Booking a Taxi – It is often convenient to call for a taxi by phone for no extra cost.  You can’t book hours ahead of your journey, taxis will arrive within 10 minutes of you making a call.  However, if it’s rush hour or bad weather (rain/snow), it is harder to get a taxi. 
Tips are not expected but rounding up the fare is appreciated.

Beo Taxi                 011/ 970                      SMS: 9700
Beogradski Taxi      011/ 9801
Zuti Taxi                 011/9802
Pink Taxi                011/ 9803
Maksis Taxi           011/9804
Plavi Taxi               011/ 9805
Alfa taksi,               011/9807
Bel Taxi                  011/ 9808
Lux Taxi                 011/ 30 33 123            SMS: 3033
top rated companies

Book by SMS text - Several companies accept bookings sent by SMS – see above for numbers.   Text your location address to the taxi company. You will shortly receive one of the following replies:

Vozilo broj 613, stize za 3 minuta. = Taxi number 613 will arrive in 3 minutes.


Nista slobodno. = Nothing available. 
If you receive this message, wait 2-3 minutes and try again.

Motor Vehicles

Vehicle Registration - Foreign cars must be registered in Serbia within thirty days of clearing customs.  Foreigners can register their cars with the transportation department of the nearest local police station.

Documents required:
            Proof of customs clearance
            Proof of ownership
            Proof of foreign registration translated into Serbian
            Serbian visa, as appropriate
            Work permit (if applicable)
            Proof of temporary residence in Serbia
            Results of technical examination or inspection of the car

Foreign cars used by tourists in Serbia (in cases when the simplified procedure of customs clearance without documentation was applied) do not need to be registered as long as the inspection certificate is still valid.

Car Insurance - You will need third party insurance for the journey out, including a “Green Card”, to cover you once you get across the border.  Some Western European and American insurance companies will cover you in Serbia, but many don’t.  If your company doesn’t, you can buy third party insurance when you come across the border.  There are various kiosks next to the Bureau do Change (“Menjacnica” in Serbian).  Dunav Osiguranje and Generali are good companies.  They normally accept Dinars or Euros.  Get 4-6 weeks worth of insurance to cover you until you get re-registered.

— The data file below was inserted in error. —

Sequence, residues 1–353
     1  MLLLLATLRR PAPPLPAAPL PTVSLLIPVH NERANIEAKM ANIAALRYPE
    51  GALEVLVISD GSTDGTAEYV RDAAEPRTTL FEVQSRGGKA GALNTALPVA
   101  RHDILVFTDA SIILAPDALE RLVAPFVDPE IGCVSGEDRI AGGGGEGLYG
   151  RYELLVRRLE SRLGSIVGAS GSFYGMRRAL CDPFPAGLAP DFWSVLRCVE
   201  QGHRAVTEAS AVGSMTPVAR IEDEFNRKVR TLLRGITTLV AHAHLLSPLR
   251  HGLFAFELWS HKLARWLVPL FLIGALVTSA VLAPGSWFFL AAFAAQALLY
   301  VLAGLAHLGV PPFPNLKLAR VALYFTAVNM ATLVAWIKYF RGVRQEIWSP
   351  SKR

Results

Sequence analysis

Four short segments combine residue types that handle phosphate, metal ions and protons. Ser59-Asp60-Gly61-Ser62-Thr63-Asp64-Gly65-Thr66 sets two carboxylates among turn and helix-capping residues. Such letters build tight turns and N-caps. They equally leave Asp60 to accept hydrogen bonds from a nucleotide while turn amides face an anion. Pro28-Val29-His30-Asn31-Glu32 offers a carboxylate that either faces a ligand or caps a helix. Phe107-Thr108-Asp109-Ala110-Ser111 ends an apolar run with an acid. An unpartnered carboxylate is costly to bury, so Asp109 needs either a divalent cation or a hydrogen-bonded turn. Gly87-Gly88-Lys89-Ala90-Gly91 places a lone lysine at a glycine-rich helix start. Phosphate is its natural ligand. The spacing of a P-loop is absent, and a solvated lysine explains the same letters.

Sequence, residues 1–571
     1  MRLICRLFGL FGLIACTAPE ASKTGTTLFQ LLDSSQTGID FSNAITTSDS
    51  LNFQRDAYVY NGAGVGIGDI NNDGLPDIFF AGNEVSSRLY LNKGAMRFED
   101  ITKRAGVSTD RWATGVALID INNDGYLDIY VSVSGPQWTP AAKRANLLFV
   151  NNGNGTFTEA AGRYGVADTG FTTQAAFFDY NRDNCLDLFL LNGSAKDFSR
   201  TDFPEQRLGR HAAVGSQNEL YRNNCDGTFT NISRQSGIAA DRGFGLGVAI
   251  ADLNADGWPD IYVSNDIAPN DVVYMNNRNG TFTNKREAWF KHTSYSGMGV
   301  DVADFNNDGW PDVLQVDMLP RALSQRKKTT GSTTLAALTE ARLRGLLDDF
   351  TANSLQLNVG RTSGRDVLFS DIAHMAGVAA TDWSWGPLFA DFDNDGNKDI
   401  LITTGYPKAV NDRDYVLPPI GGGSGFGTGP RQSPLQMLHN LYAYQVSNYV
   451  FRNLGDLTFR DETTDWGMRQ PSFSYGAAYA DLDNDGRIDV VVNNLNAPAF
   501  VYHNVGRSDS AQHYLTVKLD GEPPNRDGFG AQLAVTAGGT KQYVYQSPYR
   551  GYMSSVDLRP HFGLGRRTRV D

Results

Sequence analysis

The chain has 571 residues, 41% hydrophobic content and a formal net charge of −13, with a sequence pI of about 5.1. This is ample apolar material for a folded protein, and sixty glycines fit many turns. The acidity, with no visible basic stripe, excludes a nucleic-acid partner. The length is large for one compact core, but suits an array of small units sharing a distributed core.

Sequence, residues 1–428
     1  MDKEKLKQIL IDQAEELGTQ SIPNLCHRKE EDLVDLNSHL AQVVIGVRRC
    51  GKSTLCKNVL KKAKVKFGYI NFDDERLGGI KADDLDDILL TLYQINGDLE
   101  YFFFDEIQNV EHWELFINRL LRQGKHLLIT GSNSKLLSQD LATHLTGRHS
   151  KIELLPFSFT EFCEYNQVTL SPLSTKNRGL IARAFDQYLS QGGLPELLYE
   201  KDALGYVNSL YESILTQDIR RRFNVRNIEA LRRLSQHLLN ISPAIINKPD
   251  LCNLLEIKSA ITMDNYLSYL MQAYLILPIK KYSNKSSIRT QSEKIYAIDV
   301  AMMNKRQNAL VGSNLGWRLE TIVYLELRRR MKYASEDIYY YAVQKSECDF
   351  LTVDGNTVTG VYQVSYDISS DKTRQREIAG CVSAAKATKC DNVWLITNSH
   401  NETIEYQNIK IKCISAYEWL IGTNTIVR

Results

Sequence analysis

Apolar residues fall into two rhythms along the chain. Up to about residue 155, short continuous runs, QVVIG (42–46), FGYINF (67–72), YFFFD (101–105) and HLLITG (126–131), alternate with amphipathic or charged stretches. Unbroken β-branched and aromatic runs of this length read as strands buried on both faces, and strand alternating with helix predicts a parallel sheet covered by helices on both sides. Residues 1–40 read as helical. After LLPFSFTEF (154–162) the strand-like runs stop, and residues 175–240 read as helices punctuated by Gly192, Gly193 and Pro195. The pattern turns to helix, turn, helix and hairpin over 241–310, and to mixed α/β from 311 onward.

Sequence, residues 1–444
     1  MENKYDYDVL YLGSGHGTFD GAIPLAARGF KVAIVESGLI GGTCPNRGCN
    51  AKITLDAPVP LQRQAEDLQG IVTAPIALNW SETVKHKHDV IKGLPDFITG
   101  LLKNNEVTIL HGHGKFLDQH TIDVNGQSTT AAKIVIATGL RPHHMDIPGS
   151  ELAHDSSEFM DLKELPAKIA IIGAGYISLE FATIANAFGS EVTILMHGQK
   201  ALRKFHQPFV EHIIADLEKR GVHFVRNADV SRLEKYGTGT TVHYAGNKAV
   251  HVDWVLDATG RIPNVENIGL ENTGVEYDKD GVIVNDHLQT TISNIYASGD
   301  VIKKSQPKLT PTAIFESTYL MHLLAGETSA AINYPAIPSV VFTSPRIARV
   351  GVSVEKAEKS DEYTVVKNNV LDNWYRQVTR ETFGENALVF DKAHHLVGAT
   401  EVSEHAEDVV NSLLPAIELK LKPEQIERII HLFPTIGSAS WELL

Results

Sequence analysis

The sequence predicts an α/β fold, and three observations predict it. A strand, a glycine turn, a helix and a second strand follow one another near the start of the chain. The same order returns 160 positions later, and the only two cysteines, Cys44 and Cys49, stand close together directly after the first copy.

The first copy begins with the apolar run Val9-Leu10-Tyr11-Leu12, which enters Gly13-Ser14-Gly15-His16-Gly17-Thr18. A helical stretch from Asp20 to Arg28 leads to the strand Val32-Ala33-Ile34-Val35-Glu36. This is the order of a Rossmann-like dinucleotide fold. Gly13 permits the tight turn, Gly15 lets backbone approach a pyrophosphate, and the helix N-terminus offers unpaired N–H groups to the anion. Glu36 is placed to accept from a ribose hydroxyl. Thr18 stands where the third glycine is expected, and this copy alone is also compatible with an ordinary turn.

Most embassies recommend purchasing comprehensive and collision insurance from your home country and Third Party liability insurance in Serbia.

For more information about importing a car into Serbia:

Driving - New driving laws came into effect in 2009, in an aim to reduce road deaths in Serbia.  A summary can be seen at the website below.

Most of the laws follow common sense good driving practice, and bring Serbia in line with the rest of Europe. Fines can be issued at the scene of the violation, however these fines will not be payable at the scene of the violation; you will have 8 days to pay them.

Below are a few of the new laws which may be less obvious:

·      Drivers must wear a seatbelt.  Failing to do so incurs a penalty of 5,000 dinars.
·      It is mandatory to have the short/side lights on at all times when driving.  The penalty is 3,000 dinars for no lights.
·      The use of mobile phones is strictly forbidden, if the hands are engaged.  The use of mobile phones is allowed only if the phones are hands-free and/or the Bluetooth is connected.  Failing to obey this rule will result in a 5,000 dinar fine.
·       The speed limit on the highway is 120 km/h.  The speed limit in inhabited areas it is 50 km/h, and 30 km/h in a school zone.  You can be banned from driving for a month for speeding.  Speed cameras are slowly being installed on some routes. 
·      If a pedestrian crosses the street on a red light, the penalty is 5,000 dinars.  If the pedestrian is accompanied by a child that is less than 12 years old, the penalty is 6,000 - 20,000 dinars.
·       No child under the age of 12 is allowed in the front seat. 
·      You are allowed to park only 3 minutes at a non-parking spot, but the driver must remain in the car, or next to it for those three minutes.  The penalty for inappropriate parking is 5,000 dinars.  If the driver doesn't admit the violation, the driver could be fined 6 to 20 thousand dinars if found guilty.
·      When stopped by a policeman neither the driver nor the passengers can leave the vehicle unless permitted to do so.  Doing so will incur a 5,000 dinar penalty.
·       When broken down the vehicle must be marked with a reflective triangle.  The triangle has to be put at least 50m behind the vehicle when outside inhabited areas and 10m when in inhabited areas.  All 4 indicators must be on and the driver must wear a fluorescent vest
·       Mild intoxication is indicated at 0.03% blood alcohol level.  Moderate intoxication is defined at 0.031% - 0.050% blood alcohol level.  This incurs a mandatory 5,000 dinar fine and the driver is prevented from driving for at least 12 hours.  Higher levels of blood alcohol incur increasingly stiff penalties.  Effectively the rules here can be interpreted as "no alcohol for drivers".